How Long Does it Take to Crochet a Sweater?
Approximately one road trip plus a couple hours of assembly! Sorry, I couldn’t help myself.
I would estimate about 14 to 16 hours put into this one. It’s a longer time investment, as garments tend to be. And a pullover sweater often takes longer than a cardigan because you’re making two full panels, so you feel like it’s going slower! But if you were working on this in the evenings after work, it could likely get done in a few weeks. That’s pretty reasonable for a homemade sweater!
This one was exciting for me because I almost never meet the exact gauge!
A 4″ square of the main sweater panels should contain 15 stitches and 16 rows. My swatch came out to exactly that, but I’ll double check my finished sweater now.
Currently it has 16-17 stitches and 15 rows in that 4″ square. This is after I modeled it, so it makes sense that it stretched out slightly and has fewer rows but more stitches fitting in the same space–it got stretched in length by me pulling it over my head! Gauge isn’t an exact science and it will change back and forth like this as it gets worn and washed.
I realized when putting it on for the pictures that it’s just a touch smaller than I would have liked. That’s odd, because during the stitching process I was constantly holding it up to myself to measure, but being in the car for the majority of the work meant I couldn’t really try it on! It looks like the sizing I followed would have been a 36″ bust, which would be perfect for me as mine measures about 34-35″.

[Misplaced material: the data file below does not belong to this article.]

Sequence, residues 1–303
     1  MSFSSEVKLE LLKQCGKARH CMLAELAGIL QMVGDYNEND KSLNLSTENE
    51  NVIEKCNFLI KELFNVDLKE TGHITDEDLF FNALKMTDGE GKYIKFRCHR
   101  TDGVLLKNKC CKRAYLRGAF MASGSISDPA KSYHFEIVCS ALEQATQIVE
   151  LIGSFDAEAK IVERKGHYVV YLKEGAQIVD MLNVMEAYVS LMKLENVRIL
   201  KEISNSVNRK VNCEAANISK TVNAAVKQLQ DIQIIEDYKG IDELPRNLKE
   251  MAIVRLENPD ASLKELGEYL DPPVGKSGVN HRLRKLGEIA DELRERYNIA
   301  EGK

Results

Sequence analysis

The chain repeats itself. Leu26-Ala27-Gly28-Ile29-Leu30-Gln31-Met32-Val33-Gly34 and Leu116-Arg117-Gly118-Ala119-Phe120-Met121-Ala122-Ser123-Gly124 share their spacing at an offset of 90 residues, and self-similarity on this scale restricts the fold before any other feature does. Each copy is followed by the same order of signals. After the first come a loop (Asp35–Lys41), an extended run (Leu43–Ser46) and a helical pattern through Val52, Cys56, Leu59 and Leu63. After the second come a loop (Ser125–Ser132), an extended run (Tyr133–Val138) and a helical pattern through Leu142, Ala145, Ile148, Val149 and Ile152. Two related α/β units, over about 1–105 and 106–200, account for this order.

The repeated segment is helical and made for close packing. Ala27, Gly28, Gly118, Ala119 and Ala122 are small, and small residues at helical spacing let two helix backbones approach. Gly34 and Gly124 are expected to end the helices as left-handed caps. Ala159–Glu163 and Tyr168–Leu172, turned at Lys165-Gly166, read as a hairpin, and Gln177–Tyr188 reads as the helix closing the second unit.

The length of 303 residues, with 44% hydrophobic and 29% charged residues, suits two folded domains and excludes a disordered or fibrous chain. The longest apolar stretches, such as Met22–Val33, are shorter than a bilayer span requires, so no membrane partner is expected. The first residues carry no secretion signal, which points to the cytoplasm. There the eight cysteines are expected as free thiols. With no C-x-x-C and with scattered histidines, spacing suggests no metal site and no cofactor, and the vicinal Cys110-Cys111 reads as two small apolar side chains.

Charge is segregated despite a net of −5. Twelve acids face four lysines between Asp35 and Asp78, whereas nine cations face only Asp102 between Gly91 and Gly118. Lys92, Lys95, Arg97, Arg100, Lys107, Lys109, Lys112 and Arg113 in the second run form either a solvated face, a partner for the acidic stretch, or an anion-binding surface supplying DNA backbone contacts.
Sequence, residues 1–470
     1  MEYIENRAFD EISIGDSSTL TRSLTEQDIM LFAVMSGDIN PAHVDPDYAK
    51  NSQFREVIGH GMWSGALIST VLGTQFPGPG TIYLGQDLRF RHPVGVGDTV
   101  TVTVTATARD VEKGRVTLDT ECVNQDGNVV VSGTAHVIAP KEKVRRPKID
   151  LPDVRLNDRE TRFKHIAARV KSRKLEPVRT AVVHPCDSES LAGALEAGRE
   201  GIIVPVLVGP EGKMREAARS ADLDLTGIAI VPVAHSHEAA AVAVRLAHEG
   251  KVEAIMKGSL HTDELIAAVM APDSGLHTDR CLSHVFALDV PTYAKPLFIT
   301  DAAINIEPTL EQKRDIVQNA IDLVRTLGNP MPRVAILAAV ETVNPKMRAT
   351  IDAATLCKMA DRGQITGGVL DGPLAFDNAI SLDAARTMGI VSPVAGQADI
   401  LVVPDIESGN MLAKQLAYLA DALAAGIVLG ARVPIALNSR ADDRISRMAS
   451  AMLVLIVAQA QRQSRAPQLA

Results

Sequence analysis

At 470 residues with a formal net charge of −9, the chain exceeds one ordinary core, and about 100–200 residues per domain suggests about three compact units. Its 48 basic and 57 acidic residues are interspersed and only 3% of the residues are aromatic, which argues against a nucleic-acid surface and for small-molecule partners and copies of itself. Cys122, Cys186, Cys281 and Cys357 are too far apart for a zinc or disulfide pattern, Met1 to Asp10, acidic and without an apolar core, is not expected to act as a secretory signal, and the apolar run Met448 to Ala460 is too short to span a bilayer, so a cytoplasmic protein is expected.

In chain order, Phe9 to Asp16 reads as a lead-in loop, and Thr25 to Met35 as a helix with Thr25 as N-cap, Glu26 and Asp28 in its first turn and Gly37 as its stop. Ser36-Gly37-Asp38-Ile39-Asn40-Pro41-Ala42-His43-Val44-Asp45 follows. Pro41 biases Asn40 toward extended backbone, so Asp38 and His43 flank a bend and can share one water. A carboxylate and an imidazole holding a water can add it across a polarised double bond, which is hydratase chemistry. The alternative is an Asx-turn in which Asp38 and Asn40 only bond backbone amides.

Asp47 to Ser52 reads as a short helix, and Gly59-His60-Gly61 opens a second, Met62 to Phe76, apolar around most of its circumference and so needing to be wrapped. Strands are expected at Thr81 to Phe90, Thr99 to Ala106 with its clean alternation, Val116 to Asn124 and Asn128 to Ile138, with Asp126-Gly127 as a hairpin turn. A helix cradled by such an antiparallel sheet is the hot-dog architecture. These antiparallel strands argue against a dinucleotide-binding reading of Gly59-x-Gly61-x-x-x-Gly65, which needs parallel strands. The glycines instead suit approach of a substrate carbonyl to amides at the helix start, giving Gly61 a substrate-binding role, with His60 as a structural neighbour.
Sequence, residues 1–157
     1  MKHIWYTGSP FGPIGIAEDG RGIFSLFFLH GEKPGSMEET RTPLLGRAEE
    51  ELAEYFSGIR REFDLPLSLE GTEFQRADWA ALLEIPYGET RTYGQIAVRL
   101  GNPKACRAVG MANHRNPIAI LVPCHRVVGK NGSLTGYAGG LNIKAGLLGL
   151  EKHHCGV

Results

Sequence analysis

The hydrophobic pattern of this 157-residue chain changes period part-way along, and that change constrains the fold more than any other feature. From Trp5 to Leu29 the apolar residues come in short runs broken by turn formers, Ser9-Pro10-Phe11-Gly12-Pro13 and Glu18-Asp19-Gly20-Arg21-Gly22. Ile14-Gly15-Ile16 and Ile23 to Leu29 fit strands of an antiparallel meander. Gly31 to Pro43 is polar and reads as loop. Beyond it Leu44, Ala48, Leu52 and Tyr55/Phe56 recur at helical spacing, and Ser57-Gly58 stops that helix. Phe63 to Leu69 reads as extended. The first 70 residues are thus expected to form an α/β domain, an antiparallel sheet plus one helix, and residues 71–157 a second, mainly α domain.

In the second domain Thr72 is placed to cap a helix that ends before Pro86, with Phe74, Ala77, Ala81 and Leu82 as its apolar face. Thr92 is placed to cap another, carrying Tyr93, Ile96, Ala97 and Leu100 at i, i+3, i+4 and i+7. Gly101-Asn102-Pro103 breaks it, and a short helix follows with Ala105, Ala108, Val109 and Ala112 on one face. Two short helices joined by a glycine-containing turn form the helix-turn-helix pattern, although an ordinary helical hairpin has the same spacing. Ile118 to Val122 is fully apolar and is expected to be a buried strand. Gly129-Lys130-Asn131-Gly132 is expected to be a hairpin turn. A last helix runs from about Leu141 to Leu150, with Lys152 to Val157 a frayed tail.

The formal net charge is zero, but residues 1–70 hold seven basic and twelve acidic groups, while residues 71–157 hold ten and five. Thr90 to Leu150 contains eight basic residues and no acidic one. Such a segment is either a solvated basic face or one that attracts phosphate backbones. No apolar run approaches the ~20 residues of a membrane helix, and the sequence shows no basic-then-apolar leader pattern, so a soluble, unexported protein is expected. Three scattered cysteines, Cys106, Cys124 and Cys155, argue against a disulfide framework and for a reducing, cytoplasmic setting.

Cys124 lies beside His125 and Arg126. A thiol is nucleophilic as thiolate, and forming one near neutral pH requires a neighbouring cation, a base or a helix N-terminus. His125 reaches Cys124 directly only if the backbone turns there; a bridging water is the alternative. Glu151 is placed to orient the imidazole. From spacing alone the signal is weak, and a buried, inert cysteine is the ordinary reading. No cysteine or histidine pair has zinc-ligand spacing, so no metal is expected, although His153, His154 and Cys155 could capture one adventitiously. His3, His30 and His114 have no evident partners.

My finished sweater measures about 18″ laying flat, so it’s actually right on target! I think I just wanted it to be looser but didn’t size up, which I absolutely could have done. I also chose to end it shorter than I would have if I had realized. I like how the designer made hers longer, I didn’t realize I was stopping mine right at my hips.
I’m happy with the fit, but I would make small changes next time.
This pattern is wonderfully simple! Most of the stitching is a basic rectangle with a little bit of shaping for the neck and sleeves. Then you just sew the pieces together and enjoy it! If someone is looking to get into garments and wants to try a relatively simple one, I highly recommend this one. It’s not always easy, and of course there’s some frogging involved to get your fit just right sometimes, but it would be a great choice for an approachable garment pattern.
I love how the simple stitch enhances my colorful yarn, but I also think it looks better in the solid yarn the designer chose. That way the texture could really stand out without the muddled chaos of colors. But that’s just my opinion, it’s beautiful in any yarn I’ve seen on the Ravelry project page! I think what matters is what you like to wear. This is a very versatile sweater that could look great in anything. You like to stick to neutrals or black? It would be stunning in a charcoal gray or a solid black. Want to jazz up your wardrobe? Obviously I love it in a multicolored option! It works with anything.
As with a lot of the garments from this designer, they leave it up to you to pick your customization options. At many stages in this pattern, you’re reminded that you can work a section longer or shorter as you please, as long as you keep a note about it to match the other pieces to the same sizing. This can become a long tunic sweater to wear over tights or leggings in the fall, or a light short breezy one for spring like mine! You could size up, like I wish I had, to have it be a little more slouchy and casual-looking. The options are all laid out in front of you and you just need to put together your ideal sweater.
The small touches really make this one stand out, as well. I’m a sucker for ribbing and this pattern is no exception. There’s even ribbing on the neck, and it works out better than any time I’ve tried adding it! Plus you can leave a slit in the side, which I chose to do, giving it an even more casual look. The stitching is so simple but looks really impressive in the big picture. I’m so happy I stumbled onto this pattern accidentally, because now I can’t wait to make another!